2 Codes New Zealand Thoroughbred Racing, Harness Racing New Zealand and Greyhound Racing New Zealand. 2.4 The racing industry generates substantial economic activity contributing $1.6 billion to GDP and delivers significant exports, with thoroughbred and standardbred exports worth $167 million. The industry supports over 17,000 full time jobs and includes 119 clubs and 64 race courses located across the country. It is also a great contributor to local communities. Racing clubs raise funds for over 250 community organisations and charities including local hospitals and sports clubs. In addition, racecourses provide valued facilities for 417 organisations and a wide range of community events such as markets, trade expos, weddings, sports events and community functions. Finally, for many rural areas, annual race meetings are significant community events which also generate and sustain interest in the sport of racing and support the local economy. 3 New Zealand and Digital Betting 3.1 As with almost every other industry the growth in internet usage, devices and speed have had a marked impact on the betting industry. NZRB turnover from digital channels has grown at a compound annual growth rate of 23% since This trend is reflected internationally with digital gambling growing at double digit rates from 2008 to Leading international consultancy Global Betting & Gaming Consultants (GBGC) is forecasting digital gambling to continue growing at between 3-5% over coming years. Morgan Stanley recently forecast 21% compound annual growth rate in betting revenue from digital channels in the Australian market compared with In particular, the growth of betting through smartphones and mobile devices is having a significant impact on the betting industry. Significant operators such as Tabcorp and Paddy Power (Australian operation) reported that mobile devices contributed over 60% of all digital turnover. William Hill report 43% of international online revenues are generated by mobile. One of the consequences of these trends is the increase in cross-border gambling. 4 Impact of Offshore Bookmakers on New Zealand 4.1 The most recent research indicates the number of New Zealanders betting offshore has almost doubled over the past five years. It is estimated New Zealanders are betting $58 million (15% of the total betting expenditure by New Zealander). The New Zealand community receives no benefit from this activity, but does incur any costs associated with problem gambling. Further, we estimate the loss of GST revenue to the Government could be up to $7.7 million. 4.2 Under the New Zealand model, all the benefits from betting are directed back to either racing or sport. If the $58 million currently bet offshore was otherwise bet through the NZTAB, sport organisations would receive an additional $5 million and racing would benefit from additional $39.5 million. 4.3 This trend can in part be addressed by NZRB. There is a clear need for NZRB to respond to shifting customer preferences and expectations and become more competitive. However, there are also several factors beyond NZRB s direct control which contribute to the growing rate and value of offshore betting. GST is one such factor. In this respect NZRB is no different to any other retailer in suffering a competitive disadvantage in being required to charge GST while offshore providers do not.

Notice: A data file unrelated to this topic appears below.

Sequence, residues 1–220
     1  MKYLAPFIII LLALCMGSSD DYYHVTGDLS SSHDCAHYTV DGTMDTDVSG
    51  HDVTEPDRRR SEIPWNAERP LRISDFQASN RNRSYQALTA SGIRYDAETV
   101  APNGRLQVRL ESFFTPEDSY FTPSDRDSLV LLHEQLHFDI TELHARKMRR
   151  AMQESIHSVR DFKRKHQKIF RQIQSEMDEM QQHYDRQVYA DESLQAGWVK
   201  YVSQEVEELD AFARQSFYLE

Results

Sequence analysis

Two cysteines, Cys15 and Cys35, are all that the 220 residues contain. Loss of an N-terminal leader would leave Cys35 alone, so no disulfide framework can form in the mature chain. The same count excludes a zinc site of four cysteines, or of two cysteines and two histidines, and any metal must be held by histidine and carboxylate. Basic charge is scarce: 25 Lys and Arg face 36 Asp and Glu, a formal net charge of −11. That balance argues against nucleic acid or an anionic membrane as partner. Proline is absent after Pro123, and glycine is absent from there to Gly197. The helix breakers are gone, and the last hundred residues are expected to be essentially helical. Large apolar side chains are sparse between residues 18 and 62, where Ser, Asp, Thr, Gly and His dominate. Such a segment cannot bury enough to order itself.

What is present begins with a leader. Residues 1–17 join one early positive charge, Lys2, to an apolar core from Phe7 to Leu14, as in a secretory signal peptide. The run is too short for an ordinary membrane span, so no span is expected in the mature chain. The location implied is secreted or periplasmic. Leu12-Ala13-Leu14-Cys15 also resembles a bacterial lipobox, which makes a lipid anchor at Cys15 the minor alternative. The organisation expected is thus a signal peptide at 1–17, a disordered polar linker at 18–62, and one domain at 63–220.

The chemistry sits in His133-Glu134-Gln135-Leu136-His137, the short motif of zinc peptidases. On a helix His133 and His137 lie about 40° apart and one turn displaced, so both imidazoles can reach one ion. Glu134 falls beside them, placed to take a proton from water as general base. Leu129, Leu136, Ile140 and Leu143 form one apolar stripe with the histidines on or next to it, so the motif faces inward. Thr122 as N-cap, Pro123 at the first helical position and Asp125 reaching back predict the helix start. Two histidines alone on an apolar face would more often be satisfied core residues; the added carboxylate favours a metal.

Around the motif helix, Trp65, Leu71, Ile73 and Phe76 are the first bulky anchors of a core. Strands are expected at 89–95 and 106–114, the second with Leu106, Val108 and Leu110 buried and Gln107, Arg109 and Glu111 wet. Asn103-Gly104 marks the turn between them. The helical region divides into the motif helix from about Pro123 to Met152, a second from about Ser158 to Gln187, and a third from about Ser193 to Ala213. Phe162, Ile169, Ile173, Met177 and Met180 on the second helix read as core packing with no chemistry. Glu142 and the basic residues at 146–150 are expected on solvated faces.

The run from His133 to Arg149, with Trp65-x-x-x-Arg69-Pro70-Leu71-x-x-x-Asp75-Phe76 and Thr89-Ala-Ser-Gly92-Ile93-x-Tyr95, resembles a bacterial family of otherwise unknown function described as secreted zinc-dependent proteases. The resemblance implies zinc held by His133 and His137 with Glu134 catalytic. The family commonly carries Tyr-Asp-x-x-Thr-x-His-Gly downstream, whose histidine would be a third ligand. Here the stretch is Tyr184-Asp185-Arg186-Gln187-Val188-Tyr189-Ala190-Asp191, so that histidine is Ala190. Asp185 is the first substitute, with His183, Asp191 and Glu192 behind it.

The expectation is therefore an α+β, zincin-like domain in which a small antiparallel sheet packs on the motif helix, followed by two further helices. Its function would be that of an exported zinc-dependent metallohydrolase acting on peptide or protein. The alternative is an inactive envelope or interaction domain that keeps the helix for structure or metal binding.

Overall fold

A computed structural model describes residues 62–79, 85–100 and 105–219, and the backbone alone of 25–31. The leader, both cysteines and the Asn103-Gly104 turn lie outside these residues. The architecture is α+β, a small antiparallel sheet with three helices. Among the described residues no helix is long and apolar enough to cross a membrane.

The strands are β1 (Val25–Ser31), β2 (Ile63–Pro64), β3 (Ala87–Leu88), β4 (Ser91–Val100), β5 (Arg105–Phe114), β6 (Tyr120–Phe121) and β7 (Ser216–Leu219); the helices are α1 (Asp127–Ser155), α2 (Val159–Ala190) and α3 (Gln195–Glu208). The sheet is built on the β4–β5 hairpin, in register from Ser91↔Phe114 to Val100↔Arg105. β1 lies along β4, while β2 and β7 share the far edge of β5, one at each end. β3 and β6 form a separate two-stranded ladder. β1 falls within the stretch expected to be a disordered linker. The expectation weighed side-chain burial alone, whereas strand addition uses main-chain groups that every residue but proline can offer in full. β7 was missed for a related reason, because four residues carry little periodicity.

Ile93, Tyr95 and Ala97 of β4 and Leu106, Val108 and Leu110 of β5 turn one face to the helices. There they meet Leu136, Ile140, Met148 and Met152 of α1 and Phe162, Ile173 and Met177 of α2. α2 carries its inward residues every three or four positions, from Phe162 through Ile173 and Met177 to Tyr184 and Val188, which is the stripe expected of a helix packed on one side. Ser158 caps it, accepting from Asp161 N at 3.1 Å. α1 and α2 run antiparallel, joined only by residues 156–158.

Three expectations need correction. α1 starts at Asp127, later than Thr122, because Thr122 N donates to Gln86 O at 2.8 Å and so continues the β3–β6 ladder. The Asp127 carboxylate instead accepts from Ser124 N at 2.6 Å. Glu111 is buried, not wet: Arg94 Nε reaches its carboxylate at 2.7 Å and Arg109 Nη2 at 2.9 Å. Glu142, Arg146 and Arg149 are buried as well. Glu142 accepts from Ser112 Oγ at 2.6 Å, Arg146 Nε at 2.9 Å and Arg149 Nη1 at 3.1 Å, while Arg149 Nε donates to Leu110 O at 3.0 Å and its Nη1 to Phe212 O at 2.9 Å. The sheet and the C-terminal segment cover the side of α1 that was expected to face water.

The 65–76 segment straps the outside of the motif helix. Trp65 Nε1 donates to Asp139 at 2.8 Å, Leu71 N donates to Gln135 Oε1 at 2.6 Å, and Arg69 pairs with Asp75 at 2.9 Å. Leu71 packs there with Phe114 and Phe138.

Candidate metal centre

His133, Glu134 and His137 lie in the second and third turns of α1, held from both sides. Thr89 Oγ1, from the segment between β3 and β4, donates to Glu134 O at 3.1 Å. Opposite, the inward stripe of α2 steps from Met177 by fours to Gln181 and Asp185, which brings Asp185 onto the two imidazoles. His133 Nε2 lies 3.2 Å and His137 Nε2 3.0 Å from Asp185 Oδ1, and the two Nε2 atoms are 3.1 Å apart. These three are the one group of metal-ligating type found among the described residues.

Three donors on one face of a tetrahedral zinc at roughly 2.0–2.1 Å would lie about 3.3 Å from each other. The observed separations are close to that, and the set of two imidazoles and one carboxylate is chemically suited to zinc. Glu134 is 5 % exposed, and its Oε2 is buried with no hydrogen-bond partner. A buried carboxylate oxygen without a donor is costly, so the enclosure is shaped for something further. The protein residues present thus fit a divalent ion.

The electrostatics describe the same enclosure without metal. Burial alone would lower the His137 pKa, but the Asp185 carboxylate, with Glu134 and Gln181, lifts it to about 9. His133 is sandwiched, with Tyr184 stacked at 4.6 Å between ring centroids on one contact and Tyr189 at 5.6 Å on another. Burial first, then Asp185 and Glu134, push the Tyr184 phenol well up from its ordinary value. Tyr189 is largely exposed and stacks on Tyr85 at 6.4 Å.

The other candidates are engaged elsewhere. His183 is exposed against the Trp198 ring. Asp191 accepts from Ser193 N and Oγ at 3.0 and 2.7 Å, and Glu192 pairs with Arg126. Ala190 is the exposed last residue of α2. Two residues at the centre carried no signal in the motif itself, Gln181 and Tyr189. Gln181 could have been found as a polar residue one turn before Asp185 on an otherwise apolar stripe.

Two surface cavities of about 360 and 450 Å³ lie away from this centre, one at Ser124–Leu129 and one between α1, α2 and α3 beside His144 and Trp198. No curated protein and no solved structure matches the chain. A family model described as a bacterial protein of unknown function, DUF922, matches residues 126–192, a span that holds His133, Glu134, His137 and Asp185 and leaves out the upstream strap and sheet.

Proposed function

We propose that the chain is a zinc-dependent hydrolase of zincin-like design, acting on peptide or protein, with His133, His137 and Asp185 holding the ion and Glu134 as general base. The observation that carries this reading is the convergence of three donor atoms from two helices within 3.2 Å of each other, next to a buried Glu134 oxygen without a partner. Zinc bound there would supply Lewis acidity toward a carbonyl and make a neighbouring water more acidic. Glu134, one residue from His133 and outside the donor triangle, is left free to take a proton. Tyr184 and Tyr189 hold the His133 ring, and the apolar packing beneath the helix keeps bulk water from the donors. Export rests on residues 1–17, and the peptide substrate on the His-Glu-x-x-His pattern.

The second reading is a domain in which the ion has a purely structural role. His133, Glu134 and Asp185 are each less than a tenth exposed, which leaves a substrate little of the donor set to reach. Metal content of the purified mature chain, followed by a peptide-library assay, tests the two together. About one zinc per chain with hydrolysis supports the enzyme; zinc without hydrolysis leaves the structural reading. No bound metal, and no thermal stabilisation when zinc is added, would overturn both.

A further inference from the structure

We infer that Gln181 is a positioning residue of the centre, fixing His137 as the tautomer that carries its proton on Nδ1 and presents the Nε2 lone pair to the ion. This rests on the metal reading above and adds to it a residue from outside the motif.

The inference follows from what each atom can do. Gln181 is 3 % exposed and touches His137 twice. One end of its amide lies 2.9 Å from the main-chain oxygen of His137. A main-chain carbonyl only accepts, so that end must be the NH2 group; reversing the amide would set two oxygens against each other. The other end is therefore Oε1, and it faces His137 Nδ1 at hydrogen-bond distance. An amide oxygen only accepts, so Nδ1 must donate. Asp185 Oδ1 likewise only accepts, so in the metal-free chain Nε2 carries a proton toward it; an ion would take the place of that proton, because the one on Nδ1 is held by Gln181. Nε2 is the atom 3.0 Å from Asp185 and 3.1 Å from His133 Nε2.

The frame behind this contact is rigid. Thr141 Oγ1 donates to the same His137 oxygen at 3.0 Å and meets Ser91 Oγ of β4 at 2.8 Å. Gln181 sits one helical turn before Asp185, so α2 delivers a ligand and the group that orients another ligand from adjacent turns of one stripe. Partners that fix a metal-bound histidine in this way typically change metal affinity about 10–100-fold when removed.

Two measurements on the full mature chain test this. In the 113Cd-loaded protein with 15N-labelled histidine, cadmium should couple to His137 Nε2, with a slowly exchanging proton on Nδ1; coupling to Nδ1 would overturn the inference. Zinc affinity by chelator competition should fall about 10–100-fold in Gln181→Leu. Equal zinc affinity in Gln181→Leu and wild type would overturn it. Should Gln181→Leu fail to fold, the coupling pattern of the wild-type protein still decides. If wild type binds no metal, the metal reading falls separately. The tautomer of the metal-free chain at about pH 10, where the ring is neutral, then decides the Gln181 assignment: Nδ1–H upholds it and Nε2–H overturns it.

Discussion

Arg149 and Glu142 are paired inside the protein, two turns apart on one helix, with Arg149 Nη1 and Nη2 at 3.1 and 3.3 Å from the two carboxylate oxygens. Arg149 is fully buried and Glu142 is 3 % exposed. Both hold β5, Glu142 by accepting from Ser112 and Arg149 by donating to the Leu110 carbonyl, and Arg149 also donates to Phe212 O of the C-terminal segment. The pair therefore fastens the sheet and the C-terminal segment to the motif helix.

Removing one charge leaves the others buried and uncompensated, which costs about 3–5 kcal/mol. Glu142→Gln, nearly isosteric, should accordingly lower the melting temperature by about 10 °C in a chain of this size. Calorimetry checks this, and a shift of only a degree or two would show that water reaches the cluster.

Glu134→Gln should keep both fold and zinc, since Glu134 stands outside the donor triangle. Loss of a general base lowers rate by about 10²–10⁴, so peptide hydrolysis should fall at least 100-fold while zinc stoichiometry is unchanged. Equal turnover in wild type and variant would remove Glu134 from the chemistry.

3 5 Offshore Betting Working Group Recommendations 5.1 As Committee Members will be aware, the Minister of Racing appointed the Offshore Racing and Sports Betting Working Group ( Working Group ) to consider and recommend practical options for addressing the issues of: New Zealanders betting on racing and sports with offshore providers; and Offshore providers taking bets on New Zealand racing and sports without contributing to the local industry. 5.2 The central recommendation from the Working Group was for introduction of legislation, with explicit extra territorial effect, to require all offshore gambling operators to register with New Zealand authorities and pay a fee whenever they accept bets: on New Zealand racing or sport; and/or from New Zealanders. 5.3 The Working Group also emphasized the need for NZRB to become more competitive. However, critically, the Working Group expressed support for Government proposals to charge Goods and Services Tax (GST) on offshore services, including gambling services. 5.4 In addition, the Working Group recommended a level of cooperation and information sharing between Inland Revenue and Internal Affairs to support the Offshore Bookmaker Fee. 6 Specific Comments Relating to the Bill 6.1 As mentioned above, NZRB supports the overall objective of increasing international competitiveness of New Zealand economy by levelling the playing field with respect to GST. Internationally, normal treatment of gambling is to treat such supplies as exempt for GST. The OECD publication Consumption Tax Trends 2014 contains a table of VAT /GST exemptions which lists common exemptions as applying in 26 of the 33 OECD countries and defines common exemptions as referring to exemptions generally applied in most OECD countries: betting, lotteries and gambling. The extent of these exemptions was illustrated in a discussion document released in March 2015 by the Australian Government. The document notes: The GST applies to most types of goods and services. However, a significant portion of consumption is excluded. Australia is not unique in this regard, as most developed countries also have a range of exemptions to their VATs. The exemptions to Australia s GST mean that it was paid on only 47 per cent (see Chart 8.2) of the consumption of all goods and services in This was slightly less than the OECD average of 55 per cent and much lower than New Zealand (96 per cent), where almost all goods and services are subject to a consumption tax.